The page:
Safeguarding: An ethos for teachers amid the climate emergency
UK teacher Kit Rackley shares their thoughts for educators wanting to help climate anxious students "feel human again" and make a difference.
Today’s original art for The Phoenix is by Laila Arêde.
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With school out for summer, I’ve been doubling down on thank you’s and appreciation for all the teachers in my life that made this wildly unusual year possible for me and my family. Both of my kids brought home seeds and plants during their last week of school — living metaphors for their growth this year and the care that we all are expected to provide to each other as members of a healthy and loving society.
The honest reality is that it’s not “just” a pandemic that teachers are navigating with their students in 2021. Every year of my kids’ entire lives will be wildly unusual by any measure, now that carbon dioxide levels have reached a point unseen by any living creature on Earth in the past four million years. Today’s children will witness a breathtaking transition to a zero carbon world in their lifetimes, and they’re counting on us to make that happen.
That puts teachers in a high-stakes position. As UK educator Kit Rackley writes in today’s edition of The Phoenix, for students, “poor mental health as a result of environmental degradation and climate change is real.”
I’m thrilled to share Rackley’s advice to teachers of how they navigated their own climate anxiety, and have incorporated it into their classroom work as well under the premise of safeguarding today’s youth.
Teachers: we have climate-anxious youngsters, but can we do something about it.
by Kit Rackley
Why does an individual become a teacher, and what is their number one priority? Is it to pass on knowledge of something that they are passionate about? Is it to give youngsters the best possible opportunities to fulfill their potential? I can’t speak for every single teacher. However, from my own experience, is that while passion and aspiration-raising are significant parts of a teacher’s identity, nurturing and protecting young people is fundamental. This loco-parentis aspect of the job is called ‘safeguarding’.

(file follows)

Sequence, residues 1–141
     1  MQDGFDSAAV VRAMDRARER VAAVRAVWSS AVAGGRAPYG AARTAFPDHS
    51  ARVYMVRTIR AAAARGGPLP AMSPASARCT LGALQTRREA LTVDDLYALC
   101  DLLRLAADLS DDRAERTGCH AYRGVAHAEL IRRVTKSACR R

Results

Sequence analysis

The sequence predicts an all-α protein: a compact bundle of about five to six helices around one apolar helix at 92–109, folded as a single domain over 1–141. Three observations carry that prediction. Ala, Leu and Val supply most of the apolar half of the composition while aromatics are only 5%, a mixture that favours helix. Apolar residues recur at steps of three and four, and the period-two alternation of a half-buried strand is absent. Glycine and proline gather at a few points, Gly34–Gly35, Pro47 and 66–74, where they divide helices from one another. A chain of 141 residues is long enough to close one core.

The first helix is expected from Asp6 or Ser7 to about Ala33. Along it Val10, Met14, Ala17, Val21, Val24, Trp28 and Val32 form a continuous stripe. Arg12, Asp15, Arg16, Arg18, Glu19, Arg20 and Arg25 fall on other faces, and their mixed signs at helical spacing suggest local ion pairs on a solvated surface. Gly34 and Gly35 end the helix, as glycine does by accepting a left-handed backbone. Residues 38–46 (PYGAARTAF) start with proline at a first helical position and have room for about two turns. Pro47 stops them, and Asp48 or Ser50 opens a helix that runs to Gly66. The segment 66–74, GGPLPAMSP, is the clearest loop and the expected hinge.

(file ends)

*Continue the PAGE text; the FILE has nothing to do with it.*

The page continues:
Through various jobs in education, I’m pretty clued up on safeguarding practice and policy. When I combine this with my experience working in the climate science sector, it is very clear to me that climate change is a safeguarding issue. I have laid out my case via teachers conferences, radio and podcast appearances, articles and blog posts. Our students are being directly affected by the impacts of the climate crisis, and the growing robustness of climate attribution science is one source of evidence that this is the case.
One of those impacts is on our mental health. If you have not yet read Eric’s candid piece from 26th April about climate anxiety, then I strongly recommend you do so. But what about our children? In March 2021, a report titled The Rise of Eco-Anxiety was released by Force of Nature, a non-profit that works to empower young people to ‘climate agency’. Responses from over 500 students in 52 countries saw that over 70% experienced a ‘feeling of hopelessness when they thought about climate change’. Poor mental health as a result of environmental degradation and climate change is real.
To read the rest of Kit Rackley’s essay, subscribe to The Phoenix.
Kit Rackley (they/them) is a freelance educational blogger, author, consultant, speaker & trainer with many years of experience teaching high-school students in the UK, and working with climate and environmental scientists to communicate their work to the public and schools. They maintain a blog for educators at geogramblings.com.